This mainly happens in Morse theory. The boundary orientation being defined the way it is leads to a lot of extra signs showing up in various formulae, that disappear (or simplify) when you have the boundary orientation as outward-normal-last instead.
But in the end more conventions makes math harder to do.
 
Oh, Hirsch defines boundary orientation with it at the end, but pointing in. Oy.
Oh, he's doing this because of collaring.
But this will mess up Stokes's Theorem if ever he did it.
So he's off by $(-1)^n$ compared to G&P, I guess.
Spivak gets around it by doing chains and only needing to get the boundary of a cube oriented correctly.
Ah, on p. 260 he does boundary orientation. He does it the way G&P do it. Whew.
Conclusion: If you're doing just topology and don't care about integrating, then your remark is good. :) But otherwise it's bad. :)
 
 
1 hour later…
6:29 PM
Do everything with $\Bbb Z/2\Bbb Z$ coefficients
 
That's always good with integrals.
Howdy, demonic.
 
6:46 PM
Hi Ted
 
7:10 PM
Hello
Can I get some help understanding a math book?
 
You need to ask a specific question. No one can answer that question.
 
Ah I am reading a book on Functional Analysis. And I found an example which is a bit difficult to realize and it's so abstract
 
Well, you're still not telling us much. Ask the question.
 
Can you understand this example clearly?
 
Yes, this is a standard example.
It's generalizing the norm $\max_{1\le i\le n} |x_i-y_i|$ on $\Bbb R^n$.
 
7:17 PM
X is a set. Good. Each element of that is a sequence. Now they are showing one such element x. And then they are saying each sequence element has magnitude <= c_x
 
This is what it means to say the sequence $x=(\xi_i)$ is a bounded sequence. No big deal.
 
Now what is this metric doing?
taking two such sequences and then it does a crazy thing
I mean ok ...I can tell you my dilemma. So you have a sequence and I have a sequence. Let's say x and y and then suddenly you pick a element and I pick exactly that number of element from my sequence.
Now we take a difference . And we do it many many many times and now we say ..what is the number that is just bigger than all of these? And that's a metric?
 
Huh? You measure the maximum distance the individual elements of the sequence are apart. Just like doing this with two functions on $[a,b]$. You look to see the greatest distance (vertically) between the graphs.
Why don't you start by understanding what I wrote up 10 lines about that metric on $\Bbb R^n$. Work that out first.
 
Wait it's not rendering proerly...Idk why.
I see what you said
So it's basically doing that right?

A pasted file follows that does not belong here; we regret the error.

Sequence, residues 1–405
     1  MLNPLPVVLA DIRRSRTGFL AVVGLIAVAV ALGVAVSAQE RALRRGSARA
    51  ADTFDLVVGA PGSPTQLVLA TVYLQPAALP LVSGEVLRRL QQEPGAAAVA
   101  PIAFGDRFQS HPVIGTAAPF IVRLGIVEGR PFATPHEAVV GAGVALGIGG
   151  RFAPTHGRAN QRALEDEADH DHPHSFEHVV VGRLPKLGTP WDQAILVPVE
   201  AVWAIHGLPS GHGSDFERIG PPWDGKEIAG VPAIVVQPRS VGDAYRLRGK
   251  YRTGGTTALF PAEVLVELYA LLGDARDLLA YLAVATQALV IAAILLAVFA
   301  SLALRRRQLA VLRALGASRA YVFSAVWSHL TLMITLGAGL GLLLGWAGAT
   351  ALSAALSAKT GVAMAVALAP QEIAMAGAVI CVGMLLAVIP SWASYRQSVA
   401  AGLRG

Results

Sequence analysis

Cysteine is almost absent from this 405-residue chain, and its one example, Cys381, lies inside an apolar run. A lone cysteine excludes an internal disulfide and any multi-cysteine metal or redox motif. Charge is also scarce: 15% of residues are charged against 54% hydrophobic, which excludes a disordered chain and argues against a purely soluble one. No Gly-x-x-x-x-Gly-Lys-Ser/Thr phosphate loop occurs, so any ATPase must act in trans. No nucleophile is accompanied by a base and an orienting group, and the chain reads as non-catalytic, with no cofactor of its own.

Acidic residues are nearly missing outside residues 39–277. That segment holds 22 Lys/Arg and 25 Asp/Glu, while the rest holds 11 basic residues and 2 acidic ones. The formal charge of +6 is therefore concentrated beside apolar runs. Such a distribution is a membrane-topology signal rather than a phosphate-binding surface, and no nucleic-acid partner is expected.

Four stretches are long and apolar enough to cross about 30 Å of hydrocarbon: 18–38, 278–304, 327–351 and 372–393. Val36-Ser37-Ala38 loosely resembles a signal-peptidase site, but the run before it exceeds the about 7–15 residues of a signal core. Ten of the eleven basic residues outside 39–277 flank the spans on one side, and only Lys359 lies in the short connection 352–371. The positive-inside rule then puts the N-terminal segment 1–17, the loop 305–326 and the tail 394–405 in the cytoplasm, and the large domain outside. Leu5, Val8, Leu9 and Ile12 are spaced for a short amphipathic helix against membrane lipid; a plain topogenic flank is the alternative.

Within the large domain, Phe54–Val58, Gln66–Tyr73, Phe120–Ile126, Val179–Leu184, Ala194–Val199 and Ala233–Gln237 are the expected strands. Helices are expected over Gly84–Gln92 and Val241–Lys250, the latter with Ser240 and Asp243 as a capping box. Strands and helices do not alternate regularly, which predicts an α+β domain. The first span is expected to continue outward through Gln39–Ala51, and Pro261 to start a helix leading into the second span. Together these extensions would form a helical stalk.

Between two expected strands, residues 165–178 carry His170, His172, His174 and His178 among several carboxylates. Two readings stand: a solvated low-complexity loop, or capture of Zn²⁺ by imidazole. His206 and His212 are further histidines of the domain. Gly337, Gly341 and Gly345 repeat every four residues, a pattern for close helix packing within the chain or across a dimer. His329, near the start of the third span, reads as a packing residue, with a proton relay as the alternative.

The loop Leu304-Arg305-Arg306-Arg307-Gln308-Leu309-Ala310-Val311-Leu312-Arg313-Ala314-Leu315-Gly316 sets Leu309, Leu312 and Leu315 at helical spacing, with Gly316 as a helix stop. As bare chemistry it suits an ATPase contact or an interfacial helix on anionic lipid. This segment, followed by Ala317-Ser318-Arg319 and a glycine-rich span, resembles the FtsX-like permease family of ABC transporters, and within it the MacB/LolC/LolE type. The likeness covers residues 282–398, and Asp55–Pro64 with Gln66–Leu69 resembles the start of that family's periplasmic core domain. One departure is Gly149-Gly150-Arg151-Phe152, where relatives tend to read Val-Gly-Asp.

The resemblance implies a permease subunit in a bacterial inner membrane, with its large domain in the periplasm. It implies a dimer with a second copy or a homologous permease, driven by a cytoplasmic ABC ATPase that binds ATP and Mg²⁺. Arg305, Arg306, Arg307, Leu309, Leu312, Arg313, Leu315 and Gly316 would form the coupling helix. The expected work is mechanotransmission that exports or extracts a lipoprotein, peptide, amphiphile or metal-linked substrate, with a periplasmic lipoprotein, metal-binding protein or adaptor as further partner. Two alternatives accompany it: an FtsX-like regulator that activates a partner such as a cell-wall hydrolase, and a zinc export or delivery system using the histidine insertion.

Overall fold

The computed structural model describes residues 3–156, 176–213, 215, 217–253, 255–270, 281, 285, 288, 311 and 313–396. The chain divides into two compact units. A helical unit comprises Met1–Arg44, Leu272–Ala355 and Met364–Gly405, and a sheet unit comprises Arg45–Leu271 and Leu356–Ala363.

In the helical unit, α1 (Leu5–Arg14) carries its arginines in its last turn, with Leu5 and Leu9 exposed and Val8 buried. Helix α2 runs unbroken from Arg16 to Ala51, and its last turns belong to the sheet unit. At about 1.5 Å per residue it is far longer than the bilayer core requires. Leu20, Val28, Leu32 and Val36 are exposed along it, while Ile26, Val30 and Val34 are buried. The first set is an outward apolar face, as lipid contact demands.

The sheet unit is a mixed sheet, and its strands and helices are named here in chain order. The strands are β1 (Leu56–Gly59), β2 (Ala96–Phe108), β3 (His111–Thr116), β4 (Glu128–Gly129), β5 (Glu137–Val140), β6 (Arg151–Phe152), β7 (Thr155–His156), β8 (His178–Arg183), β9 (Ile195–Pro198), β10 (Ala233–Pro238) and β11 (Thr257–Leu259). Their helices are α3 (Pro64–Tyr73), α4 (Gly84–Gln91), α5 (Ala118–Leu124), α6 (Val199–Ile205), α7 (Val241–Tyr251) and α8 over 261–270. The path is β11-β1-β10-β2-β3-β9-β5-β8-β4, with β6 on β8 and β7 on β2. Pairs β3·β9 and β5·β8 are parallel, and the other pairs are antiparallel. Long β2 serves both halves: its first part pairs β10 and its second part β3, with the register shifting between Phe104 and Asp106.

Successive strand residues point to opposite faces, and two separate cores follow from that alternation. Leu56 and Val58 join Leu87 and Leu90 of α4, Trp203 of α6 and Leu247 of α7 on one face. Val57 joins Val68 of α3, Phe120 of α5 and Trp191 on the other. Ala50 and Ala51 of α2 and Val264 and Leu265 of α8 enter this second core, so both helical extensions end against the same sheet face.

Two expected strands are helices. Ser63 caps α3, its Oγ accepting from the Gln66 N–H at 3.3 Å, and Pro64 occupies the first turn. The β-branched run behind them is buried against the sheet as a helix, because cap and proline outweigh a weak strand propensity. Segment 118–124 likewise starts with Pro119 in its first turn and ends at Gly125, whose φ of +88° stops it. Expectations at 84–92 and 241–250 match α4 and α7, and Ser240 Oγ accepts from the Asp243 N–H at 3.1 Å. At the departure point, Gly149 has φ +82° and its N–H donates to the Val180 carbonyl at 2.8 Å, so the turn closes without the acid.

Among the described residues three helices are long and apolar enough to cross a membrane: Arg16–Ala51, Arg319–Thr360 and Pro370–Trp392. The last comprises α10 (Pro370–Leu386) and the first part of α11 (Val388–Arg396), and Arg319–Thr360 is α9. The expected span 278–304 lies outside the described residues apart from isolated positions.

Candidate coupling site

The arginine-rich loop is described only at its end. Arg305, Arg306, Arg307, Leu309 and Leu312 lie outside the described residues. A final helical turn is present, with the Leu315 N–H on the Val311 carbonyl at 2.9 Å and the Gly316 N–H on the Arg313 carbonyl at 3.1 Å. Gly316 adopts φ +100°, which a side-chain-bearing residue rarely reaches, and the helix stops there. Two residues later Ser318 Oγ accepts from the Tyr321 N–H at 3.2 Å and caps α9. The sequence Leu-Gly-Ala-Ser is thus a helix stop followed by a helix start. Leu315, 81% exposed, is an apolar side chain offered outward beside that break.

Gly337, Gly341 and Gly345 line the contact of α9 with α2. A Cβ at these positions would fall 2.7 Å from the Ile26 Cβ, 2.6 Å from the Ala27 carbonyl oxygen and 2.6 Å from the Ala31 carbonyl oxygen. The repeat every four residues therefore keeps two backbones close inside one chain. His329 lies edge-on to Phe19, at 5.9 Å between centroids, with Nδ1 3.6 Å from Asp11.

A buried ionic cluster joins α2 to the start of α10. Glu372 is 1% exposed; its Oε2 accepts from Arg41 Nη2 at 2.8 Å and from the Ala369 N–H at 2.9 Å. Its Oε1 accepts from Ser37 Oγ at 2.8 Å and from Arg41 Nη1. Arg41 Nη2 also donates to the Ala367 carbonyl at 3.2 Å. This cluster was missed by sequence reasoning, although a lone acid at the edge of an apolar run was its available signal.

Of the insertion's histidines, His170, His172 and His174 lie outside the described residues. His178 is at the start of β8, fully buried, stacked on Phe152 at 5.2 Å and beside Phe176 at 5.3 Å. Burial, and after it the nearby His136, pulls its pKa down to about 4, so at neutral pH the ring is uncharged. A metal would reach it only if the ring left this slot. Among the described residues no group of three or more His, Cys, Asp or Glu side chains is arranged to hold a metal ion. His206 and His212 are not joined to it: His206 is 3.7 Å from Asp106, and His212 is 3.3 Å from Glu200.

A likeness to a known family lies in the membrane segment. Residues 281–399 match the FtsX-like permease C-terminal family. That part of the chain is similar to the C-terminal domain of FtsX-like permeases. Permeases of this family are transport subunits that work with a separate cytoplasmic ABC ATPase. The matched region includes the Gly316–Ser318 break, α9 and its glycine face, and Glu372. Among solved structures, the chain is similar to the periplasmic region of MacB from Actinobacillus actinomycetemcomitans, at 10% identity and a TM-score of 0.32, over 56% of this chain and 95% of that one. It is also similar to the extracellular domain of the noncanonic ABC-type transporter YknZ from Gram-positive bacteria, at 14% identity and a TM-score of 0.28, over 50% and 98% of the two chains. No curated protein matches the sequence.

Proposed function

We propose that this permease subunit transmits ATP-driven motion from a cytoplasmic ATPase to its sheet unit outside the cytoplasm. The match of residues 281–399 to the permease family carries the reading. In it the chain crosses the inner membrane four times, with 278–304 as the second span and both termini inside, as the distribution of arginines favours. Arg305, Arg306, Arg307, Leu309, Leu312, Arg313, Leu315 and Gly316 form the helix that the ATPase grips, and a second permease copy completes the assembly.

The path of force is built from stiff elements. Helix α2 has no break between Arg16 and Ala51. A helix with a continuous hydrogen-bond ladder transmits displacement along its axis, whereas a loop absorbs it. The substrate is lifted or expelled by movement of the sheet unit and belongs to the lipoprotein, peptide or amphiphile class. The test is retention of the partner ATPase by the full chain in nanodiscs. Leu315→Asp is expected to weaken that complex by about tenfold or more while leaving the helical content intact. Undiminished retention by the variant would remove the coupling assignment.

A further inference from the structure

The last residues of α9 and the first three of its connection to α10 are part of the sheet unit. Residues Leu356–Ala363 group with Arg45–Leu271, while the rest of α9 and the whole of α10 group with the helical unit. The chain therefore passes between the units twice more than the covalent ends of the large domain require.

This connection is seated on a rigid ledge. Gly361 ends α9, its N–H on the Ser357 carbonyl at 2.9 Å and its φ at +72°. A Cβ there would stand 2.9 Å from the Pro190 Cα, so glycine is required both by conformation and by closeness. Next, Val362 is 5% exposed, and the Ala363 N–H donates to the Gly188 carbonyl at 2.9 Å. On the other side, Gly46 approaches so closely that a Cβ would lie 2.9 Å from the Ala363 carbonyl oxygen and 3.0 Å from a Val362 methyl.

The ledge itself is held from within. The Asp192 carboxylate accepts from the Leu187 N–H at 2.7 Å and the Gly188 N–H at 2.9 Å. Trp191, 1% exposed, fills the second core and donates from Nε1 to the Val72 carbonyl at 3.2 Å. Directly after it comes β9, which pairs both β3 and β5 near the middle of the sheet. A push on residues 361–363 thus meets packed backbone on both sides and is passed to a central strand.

Max distance between sequence elements?
I see.
 
You need to download the LaTeX in chat link. We write with math the write way.
Yes, that's precisely what it's doing.
 
7:25 PM
Why didnt it say it clearly like you did?
These authors try to make it look so complex
 
They do assume some basic mathematical maturity, I would say.
 
No, I think they wrote it fine. I like to believe that as a professor I added value to the books, even if I wrote them.
I thought it was odd that they explained sup (lub). I would have assumed that was well-known by this level.
 
But it is not lowest upper bound...It is just max.
@SayanChattopadhyay yes I know. I am just a common man trying to understand this stuff.
 
They are using the supremum and not max.
 
Ok i get it
supremum is indeed LUB
Geez I talked so stupid.
 
7:31 PM
No, it is sup or lub. There need not be an actual max, because we have infinitely many numbers.
 
Yes I see
Asking both of you...I just read 1.5 page today. The book has 700 pages. There is no way I can finish this book in a month or so. Do you people know any children book on Functional analysis?
Like it would explain everything like it is talking to a dumb person
Was it a bad question?
 
What is your background with analysis, algebra, topology, proofs?
Functional analysis should only come after very serious real analysis (including Lebesgue theory), and you need solid linear algebra for sure.
 
I got an annoying calculation question. The Res( \frac{z^a}{(z^2 + 1)^2},i ) = \frac{(1-a)exp(aipi/2)}{4i} is supposed to be this. Since i is a residue of order 2, there is a derivative involved. Now according to mathematica, wolframalpha.com/input/?i=D%5Bx%5Ea%2F%28x+%2B+i%29%5E2%2Cx%5D , how does i^a disappear?
 
7:49 PM
@TedShifrin I know Lin Alg. But rest I did not study.
 
You can't do functional analysis without solid foundation in analysis, topology, and some Lebesgue integrals. What gave you the idea that this was reasonable?
 
I didnt think it was reasonable.
Just wondering.
@TedShifrin But this is the thing. I have to say this, even if it sounds bad, if I want to study all the 3 things today, there is not a single author who has shown everything from scratch so that a beginner can study. It seems none of the math people had time to explain stuff